Health authorities know from coalmining that the mix of extreme noise, carcinogenic tiny air particles and psychological stress risks increases asthma and heart attacks, whilst daytime noises increase blood pressure. Mining is one kilometre from the nearest residences but this race track goes under my first floor unit living room balcony, turns the corner to go under my bedroom balcony only two to three metres away. I am advised the noise levels will damage my hearing in just a minute if I don’t wear ear muffs.

Our heritage building has dropped lumps of concrete from its facade onto the street below in the past. Will the repairs stand up to the extreme vibration? In order to stand a chance to get compensation for any health and building damage resulting from this unwelcome race it is essential we have good baseline data of blood pressure, lung function, sleep quality, hearing etc, recorded now. Our buildings need to be photographed by an independent expert now. The air particulate level needs measuring.

Mark Pearson of the Animal Justice Party warned animal hearing is usually much more acute than our own and pet owners should be warned. To my knowledge he is the only local politician who spoke against the Act and this travesty of justice.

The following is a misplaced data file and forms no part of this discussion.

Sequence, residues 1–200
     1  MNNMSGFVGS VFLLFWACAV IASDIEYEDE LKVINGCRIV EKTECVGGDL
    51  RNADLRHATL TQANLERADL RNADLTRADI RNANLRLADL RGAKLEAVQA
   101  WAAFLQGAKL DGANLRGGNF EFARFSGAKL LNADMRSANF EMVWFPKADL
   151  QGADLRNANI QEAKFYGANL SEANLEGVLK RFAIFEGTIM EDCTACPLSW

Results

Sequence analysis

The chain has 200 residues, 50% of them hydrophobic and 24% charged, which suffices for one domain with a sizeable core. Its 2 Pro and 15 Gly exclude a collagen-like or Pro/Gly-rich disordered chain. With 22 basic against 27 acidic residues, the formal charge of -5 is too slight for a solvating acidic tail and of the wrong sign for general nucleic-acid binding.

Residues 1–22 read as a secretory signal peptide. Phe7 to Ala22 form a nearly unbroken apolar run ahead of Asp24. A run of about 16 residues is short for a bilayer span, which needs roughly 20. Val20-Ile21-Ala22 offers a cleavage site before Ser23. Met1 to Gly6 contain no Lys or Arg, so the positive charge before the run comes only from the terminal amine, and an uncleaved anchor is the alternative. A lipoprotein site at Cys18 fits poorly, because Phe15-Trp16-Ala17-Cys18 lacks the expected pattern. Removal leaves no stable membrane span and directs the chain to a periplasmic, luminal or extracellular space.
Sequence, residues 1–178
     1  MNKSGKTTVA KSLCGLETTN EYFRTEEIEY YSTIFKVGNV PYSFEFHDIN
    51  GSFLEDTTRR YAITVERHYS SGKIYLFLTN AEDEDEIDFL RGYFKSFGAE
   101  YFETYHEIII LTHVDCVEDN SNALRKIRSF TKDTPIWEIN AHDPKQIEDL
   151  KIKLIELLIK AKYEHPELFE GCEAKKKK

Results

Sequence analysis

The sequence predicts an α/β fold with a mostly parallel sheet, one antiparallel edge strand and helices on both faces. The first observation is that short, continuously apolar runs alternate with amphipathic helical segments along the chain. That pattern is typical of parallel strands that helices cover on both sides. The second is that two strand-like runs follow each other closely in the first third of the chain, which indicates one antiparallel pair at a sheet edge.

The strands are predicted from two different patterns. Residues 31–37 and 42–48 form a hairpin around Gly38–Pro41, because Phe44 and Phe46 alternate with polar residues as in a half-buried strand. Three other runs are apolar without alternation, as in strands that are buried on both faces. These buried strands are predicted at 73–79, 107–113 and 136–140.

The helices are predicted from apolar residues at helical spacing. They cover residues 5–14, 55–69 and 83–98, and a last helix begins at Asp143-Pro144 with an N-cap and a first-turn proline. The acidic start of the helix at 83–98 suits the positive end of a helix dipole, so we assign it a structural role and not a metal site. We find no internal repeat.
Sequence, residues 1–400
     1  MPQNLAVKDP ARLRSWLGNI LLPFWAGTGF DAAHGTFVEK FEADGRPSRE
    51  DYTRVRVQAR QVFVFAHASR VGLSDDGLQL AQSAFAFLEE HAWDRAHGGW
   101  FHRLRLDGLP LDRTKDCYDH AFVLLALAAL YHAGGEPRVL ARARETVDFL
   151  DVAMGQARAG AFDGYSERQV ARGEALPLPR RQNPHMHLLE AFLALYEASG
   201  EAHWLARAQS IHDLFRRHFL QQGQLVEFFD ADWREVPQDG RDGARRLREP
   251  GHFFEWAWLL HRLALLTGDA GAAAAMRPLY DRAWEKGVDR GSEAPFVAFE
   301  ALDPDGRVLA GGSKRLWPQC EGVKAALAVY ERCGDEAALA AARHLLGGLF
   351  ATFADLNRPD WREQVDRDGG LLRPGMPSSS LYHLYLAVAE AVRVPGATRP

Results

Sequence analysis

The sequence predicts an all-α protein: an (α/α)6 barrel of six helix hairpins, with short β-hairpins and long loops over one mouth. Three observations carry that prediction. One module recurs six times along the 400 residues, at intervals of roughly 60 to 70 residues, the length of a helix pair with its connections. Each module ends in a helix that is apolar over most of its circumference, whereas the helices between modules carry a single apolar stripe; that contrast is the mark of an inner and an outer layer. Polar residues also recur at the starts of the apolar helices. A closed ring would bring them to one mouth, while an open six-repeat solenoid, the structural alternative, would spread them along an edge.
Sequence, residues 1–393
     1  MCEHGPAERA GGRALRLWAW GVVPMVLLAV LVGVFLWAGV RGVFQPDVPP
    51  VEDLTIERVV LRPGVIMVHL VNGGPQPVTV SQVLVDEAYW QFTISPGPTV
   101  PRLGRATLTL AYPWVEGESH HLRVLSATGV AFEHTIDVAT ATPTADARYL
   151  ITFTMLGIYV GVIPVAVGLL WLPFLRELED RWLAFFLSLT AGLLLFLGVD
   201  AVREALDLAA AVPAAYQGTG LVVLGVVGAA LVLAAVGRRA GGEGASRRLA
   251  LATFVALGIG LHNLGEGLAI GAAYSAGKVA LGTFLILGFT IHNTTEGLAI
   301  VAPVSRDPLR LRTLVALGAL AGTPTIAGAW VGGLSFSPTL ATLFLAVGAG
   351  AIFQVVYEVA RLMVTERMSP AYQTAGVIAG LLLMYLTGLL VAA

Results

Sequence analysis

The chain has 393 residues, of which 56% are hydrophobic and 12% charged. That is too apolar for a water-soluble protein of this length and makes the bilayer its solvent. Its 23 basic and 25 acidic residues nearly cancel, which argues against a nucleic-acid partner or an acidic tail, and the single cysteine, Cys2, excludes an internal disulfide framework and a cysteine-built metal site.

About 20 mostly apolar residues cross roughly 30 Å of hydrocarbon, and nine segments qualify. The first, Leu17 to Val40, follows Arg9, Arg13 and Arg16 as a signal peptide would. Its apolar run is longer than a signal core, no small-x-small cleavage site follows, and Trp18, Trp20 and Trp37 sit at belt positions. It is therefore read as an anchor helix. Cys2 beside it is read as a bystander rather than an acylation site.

Steve Robinson, Newcastle East

It’s dollars, not sexism

THE suggestion that sexism is behind criticism of Cr Nelmes’ childcare claim is absurd (Letters, 28/2). What people rail against is the nose-in-the-trough mentality, and no party has a monopoly on this.

I understand the issue of childcare for Newcastle councillors was raised when Cr Nelmes was first elected in 2008. An allowance was established, I believe because she requested it. At the same time another councillor had two small children being minded during council meetings. No claim for child care, no sense of entitlement.

This has nothing to do with sexism and everything to do with ratepayers being fleeced by people who are only too pleased to be spending other people’s money. It is especially galling when the claim is during an overseas trip, the third of her short tenure, funded by the ratepayers and, I think, of dubious value to Newcastle.

I understand Cr Nelmes is paid $110,000 a year. It is perfectly reasonable to expect her to pay her own childcare costs. You know, like everyone else in the community has to.

Mike King, Kotara